San Francisco, CA St. George Hotel Fire, Apr 1909
FIND BODIES IN THE RUINS
SAN FRANCISCO LODGING HOUSE BURNS IN THE NIGHT.
FIVE KNOWN TO BE KILLED
Building of Frame Construction, and Spread of Flames So Rapid That Inmates Are Handicapped.
SAN FRANCISCO, April 17 â€“ Five bodies recovered and probably eight or ten others buried in the ruins; six injured, one fatally, and a property loss of $125,000 are the results of an early morning fire which destroyed the St. George hotel, a lodging house for laborers at Howard and Eighth streets, and eight other small buildings. The bodies taken to the morgue were so charred that identification was impossible.
D. S. Cartwright, a carpenter, formerly of Salem, Ore., was fatally burned.
The hotel was a large three story frame building and burned so rapidly that none of the 180 guests had tome to dress, and many escaped by jumping to the roof of an adjoining workshop. Scored clambered down the ladders of the firemen and the fire escapes, and at least four jumped to safety into the net held by the fire fighters.
When the fire was discovered shortly after 3 oâ€™clock Night Clerk Arthur Gronhk, three or four other employees, and Policeman W F Kruger ran through the house arousing the sleeping tenants. In the smoke-filled halls they directed the half-crazed men to the exits. Great confusion and panic prevailed, so that it was with great difficulty that men were able to find their way through the labyrinth of halls which threaded the 400 small rooms.
Firemen and policemen worked heroically, and but for their efforts the loss of life would have been much greater.
Before the ruins had cooled, firemen began the search for bodies. Within two hours five charred bodies had been found and only a small portion of the burned area had been explored.
Later another body was recovered, bringing the total number of known dead up to six One body had been partially identified as that of C. H. Johnson, of San Antonio, Tex
Two hundred people were in the hotel when the fire broke out. One hundred and thirty-seven of these were regular boarders and the rest transients.
The only body which it has been possible to identify is believed to be that of C. H. Johnson of San Antonio, Tex Thirty-eight guests of the hotel are still unaccounted for, among them Herman Muer, a cigarmaker of Rochester, N Y The proprietor of the hotel, J. W. Shananhan, had been in trouble with the board of public works since the building was erected shortly after the great fire. On December 13, 1906, he was arrested, charges with violating the building law, but was dismissed on promising to make altercations.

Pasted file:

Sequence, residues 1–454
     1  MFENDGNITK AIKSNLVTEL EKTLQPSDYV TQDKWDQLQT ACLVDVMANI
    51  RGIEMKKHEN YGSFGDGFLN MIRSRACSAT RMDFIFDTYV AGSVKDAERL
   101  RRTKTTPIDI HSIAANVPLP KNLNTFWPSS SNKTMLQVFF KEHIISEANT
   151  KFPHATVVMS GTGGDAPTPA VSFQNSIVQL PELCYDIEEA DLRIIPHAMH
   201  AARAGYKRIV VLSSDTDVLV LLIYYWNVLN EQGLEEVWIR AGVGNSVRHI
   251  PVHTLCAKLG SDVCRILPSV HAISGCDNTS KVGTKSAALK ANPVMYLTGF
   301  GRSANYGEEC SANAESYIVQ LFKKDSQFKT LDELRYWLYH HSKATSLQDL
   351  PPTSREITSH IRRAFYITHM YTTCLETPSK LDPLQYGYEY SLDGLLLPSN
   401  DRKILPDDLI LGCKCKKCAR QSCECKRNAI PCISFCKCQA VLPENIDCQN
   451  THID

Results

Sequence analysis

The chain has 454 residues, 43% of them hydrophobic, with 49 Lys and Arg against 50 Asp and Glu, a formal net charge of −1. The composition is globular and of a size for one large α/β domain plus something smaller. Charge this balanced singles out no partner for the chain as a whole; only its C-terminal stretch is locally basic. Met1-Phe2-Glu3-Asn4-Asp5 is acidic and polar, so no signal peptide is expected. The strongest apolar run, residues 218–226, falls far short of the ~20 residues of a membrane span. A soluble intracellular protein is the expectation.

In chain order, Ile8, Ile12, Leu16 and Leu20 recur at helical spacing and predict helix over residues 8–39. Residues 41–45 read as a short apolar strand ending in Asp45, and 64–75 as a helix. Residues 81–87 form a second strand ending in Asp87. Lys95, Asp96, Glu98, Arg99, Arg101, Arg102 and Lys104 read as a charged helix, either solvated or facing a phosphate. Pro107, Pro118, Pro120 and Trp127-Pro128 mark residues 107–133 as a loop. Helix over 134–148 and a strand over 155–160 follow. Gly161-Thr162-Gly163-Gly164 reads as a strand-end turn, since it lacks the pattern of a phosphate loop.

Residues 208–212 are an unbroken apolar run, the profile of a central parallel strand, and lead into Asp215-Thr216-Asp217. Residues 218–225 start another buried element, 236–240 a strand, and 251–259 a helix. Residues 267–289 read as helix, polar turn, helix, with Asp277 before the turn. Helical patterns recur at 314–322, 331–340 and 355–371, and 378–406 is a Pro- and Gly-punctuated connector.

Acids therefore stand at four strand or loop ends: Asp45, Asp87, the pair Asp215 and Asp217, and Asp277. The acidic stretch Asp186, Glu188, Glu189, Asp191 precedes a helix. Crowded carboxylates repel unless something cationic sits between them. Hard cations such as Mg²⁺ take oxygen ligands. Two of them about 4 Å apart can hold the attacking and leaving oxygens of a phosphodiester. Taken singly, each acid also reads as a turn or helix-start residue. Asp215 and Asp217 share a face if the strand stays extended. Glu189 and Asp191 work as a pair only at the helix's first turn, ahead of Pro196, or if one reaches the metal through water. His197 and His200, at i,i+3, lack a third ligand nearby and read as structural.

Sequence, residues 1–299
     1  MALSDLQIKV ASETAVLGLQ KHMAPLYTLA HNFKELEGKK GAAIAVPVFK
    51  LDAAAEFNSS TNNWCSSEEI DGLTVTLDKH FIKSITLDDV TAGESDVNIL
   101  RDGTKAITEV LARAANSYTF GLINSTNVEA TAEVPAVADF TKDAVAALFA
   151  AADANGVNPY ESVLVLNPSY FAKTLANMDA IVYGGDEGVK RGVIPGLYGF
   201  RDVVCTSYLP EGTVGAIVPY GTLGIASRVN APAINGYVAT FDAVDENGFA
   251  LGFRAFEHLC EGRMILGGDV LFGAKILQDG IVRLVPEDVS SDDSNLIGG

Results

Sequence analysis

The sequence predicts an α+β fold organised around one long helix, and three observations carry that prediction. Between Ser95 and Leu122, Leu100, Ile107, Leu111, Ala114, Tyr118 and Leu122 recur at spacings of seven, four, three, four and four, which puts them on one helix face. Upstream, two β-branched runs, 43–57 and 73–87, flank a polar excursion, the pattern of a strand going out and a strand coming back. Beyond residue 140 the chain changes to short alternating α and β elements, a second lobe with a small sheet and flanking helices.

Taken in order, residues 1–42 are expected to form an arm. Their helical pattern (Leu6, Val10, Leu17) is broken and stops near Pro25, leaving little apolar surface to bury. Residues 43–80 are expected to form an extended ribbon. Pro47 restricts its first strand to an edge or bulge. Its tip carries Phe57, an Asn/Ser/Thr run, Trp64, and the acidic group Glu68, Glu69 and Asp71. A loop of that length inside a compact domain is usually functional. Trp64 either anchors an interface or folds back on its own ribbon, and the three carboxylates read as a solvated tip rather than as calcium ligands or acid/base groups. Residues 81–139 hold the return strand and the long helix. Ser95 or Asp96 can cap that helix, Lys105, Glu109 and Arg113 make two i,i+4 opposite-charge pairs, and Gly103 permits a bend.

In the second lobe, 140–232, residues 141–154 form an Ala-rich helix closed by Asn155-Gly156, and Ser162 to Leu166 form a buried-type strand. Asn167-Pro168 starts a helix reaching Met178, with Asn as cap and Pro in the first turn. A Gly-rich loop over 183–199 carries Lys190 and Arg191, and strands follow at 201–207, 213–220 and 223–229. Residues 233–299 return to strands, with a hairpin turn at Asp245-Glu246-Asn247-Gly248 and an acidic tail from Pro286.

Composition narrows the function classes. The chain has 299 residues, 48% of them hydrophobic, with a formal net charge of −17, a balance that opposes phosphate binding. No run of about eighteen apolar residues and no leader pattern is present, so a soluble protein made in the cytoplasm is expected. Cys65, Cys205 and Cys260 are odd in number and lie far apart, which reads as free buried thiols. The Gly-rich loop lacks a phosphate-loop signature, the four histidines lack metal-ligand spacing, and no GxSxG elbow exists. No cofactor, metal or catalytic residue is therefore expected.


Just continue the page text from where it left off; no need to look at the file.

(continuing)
Fire Chief Shaughnessey said tonight there are numerous unsafe lodging houses in the city which he proposes to close.
The Nebraska State Journal, Lincoln, NE 17 Apr 1909
GUESTS OF LODGING
House Thrown Into Panic by Fire and Twenty Are Missing.
MANY RECEIVED MINOR INJURIES
In Frantic Efforts to Escape. Building Was Burned Down.
San Francisco, April 16. â€“ Three hundred guests of the St. George hotel, a lodging house in Howard street, between Eighth and Ninth streets, were thrown into a panic by a fire which completely destroyed the building, a three story frame structure, shortly after 3 oâ€™clock this morning. While it is not known that any lives were lost, it was reported by the clerk that at least twenty of the guests could not be accounted for. Six men were severely burned, one probably fatally, and many received minor injuries by leaping from the upper stories or by being trampled in the rush to escape. The seriously injured were hurried to the Central emergency hospital for treatment, and the other few of whom saved their clothing, were housed in nearby lodgings.
Corporal Fontaina and Policeman Judger discovered the fire and dragged many of the guests from their beds. There were scored of narrow escapes. The building burned rapidly and within an hour was a ruin.
Those most seriously injured were: ____ Cartwright, Salem, Oregon, probably fatally burned; Patrick Guerin, John Neil, John Erison, John Potts, John Main.
Most of the guests were laboring men.
Lima Times Democrat, Lima, OH 16 Apr 1909